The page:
Ford Thunderbird (fourth generation)
1964 Thunderbird Landau
|Body and chassis|
2-door hardtop coupe|
390 cu in (6.4 L) FE V8|
427 cu in (7.0 L) FE V8
428 cu in (7.0 L) FE V8
Cruise-O Matic MX automatic|
Ford C6 automatic
|Predecessor||Ford Thunderbird (third generation)|
|Successor||Ford Thunderbird (fifth generation)|
The fourth generation of the Ford Thunderbird is a large personal luxury car produced by Ford for the 1964 to 1966 model years. This generation of the Thunderbird was restyled in favor of a more squared-off, "formal" look. The Thunderbird's sporty image had by that time become only that: the standard 390-cubic-inch 300 bhp (224 kW) V8 engine needed nearly 11 seconds to push the heavy T-bird to 60 mph (96 km/h). The softly sprung suspension allowed considerable body lean, wallow, and float on curves and bumps. Contemporary testers felt that the Buick Riviera and Pontiac Grand Prix were substantially more roadworthy cars, but the Thunderbird retained its leading market share.
The revised model was initially offered as a hardtop, convertible, Sports Roadster with dealer-installed tonneau cover and wire wheels, and Landau with vinyl roof, simulated landau irons, and wood grain interior appointments. Total 1964 sales were excellent: 92,465, up nearly fifty per cent from the previous year, but with only 50 Sports Roadster kits were sold from the factory. The 1964 Thunderbird was the only car to have the word 'Thunderbird' spelled out on the front hood instead of a chrome Thunderbird emblem. The only transmission available was the Cruise-O-Matic MX 3 speed automatic.
Several features intended for the new generation were delayed until 1965, when front disc brakes became standard equipment and sequential turn signals which flashed three bulbs in the broad, horizontal tail lights from inside to outside were added; the latter had been delayed by vehicle lighting regulations in U.S. states. Exterior trim was revised, including a new grille, Thunderbird emblem replacing the block letters on the front edge of the hood, simulated front fender vent trim, revised Thunderbird scripts now located on the rear edge of the 1/4 panels, and revised taillight lens trim and center emblem replacing the lens Birds and block letters respectively. The popular "Tilt-Away" steering column continued, and was a Thunderbird recognized feature that was later shared on other upper-level Ford Products. Sales, impacted by increasing competition , including cannibalism by Ford's own newly introduced Mustang), dipped to 74,972. Again, the Cruise-O-Matic MX automatic was the only transmission available.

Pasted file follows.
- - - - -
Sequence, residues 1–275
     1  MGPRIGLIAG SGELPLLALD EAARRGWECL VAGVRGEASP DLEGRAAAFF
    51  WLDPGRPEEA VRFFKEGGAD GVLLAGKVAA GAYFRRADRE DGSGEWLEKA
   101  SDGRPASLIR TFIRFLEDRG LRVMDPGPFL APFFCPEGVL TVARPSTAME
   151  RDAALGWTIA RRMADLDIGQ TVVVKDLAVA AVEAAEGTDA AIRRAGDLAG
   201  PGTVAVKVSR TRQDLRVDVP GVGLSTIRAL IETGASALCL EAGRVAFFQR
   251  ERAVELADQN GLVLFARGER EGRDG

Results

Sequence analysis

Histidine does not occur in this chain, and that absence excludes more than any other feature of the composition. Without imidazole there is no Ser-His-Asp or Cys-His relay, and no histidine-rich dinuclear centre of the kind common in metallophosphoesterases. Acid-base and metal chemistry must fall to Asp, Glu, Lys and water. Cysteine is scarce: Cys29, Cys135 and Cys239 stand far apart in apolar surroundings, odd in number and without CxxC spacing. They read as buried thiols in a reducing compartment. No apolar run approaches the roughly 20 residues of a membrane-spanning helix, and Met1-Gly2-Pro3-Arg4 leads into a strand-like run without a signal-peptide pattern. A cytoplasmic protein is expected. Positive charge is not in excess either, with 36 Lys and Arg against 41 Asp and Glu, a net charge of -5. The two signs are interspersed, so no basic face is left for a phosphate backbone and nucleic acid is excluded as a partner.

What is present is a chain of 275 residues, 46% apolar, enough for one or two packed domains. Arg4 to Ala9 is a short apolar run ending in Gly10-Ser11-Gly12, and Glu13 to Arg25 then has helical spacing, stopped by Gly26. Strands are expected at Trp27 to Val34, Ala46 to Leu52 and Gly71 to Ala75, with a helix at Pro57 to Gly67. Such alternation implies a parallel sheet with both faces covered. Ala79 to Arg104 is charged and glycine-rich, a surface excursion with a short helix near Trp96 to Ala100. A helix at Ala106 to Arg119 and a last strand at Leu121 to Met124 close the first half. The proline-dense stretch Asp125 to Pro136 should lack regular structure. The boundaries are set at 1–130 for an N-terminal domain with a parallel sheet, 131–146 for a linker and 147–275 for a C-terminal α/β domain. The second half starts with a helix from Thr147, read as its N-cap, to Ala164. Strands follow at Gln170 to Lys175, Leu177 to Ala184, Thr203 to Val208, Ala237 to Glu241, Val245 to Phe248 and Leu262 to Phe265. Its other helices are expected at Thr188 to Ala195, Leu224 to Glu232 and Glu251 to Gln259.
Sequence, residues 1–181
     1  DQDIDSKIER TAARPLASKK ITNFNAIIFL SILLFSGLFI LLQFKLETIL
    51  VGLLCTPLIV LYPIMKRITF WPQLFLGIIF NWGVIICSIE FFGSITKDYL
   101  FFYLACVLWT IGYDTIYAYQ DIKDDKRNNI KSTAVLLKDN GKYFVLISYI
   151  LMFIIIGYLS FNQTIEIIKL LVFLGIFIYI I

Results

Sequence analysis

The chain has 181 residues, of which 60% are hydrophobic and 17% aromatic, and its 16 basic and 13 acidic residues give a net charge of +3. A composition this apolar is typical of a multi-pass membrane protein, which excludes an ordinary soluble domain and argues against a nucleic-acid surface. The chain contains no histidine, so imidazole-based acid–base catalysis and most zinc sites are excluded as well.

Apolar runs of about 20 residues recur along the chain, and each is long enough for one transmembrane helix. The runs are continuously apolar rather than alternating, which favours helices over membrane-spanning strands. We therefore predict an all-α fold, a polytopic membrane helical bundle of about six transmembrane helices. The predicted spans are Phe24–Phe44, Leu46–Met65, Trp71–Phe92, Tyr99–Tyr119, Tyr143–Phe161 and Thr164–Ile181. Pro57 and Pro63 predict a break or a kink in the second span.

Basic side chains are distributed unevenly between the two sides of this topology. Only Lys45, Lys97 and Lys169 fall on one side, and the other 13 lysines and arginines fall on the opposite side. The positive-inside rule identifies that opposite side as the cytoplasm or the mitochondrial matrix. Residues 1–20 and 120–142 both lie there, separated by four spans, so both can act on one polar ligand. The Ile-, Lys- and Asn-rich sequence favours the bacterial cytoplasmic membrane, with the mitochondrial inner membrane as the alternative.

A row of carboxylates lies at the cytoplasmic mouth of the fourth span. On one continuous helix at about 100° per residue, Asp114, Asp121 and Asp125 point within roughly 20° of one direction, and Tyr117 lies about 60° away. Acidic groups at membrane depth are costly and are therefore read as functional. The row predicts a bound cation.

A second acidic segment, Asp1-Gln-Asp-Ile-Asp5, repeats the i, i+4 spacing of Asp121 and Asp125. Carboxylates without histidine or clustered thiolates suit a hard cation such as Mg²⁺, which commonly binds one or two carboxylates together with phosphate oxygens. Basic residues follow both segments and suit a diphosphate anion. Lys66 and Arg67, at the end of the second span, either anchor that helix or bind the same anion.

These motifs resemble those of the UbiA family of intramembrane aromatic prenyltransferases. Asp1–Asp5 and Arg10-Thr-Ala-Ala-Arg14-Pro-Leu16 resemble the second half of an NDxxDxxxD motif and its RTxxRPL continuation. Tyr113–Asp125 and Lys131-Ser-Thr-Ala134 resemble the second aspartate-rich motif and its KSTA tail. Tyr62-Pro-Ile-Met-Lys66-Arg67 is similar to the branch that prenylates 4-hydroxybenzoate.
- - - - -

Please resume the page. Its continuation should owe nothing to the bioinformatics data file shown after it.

Convertibles borrowed the opening mechanism from the all-new Lincoln Continental where the trunklid would open electrically in a single piece, hinged at the back of the vehicle, then the fabric top would fold down and disappear beneath the trunklid. The mechanism was originally used on the Ford Fairlane 500 Skyliner hardtop convertible of the late 1950s. Opening the trunk on convertibles for storage required that the lid be opened electrically, without deploying or retracting the folding convertible top.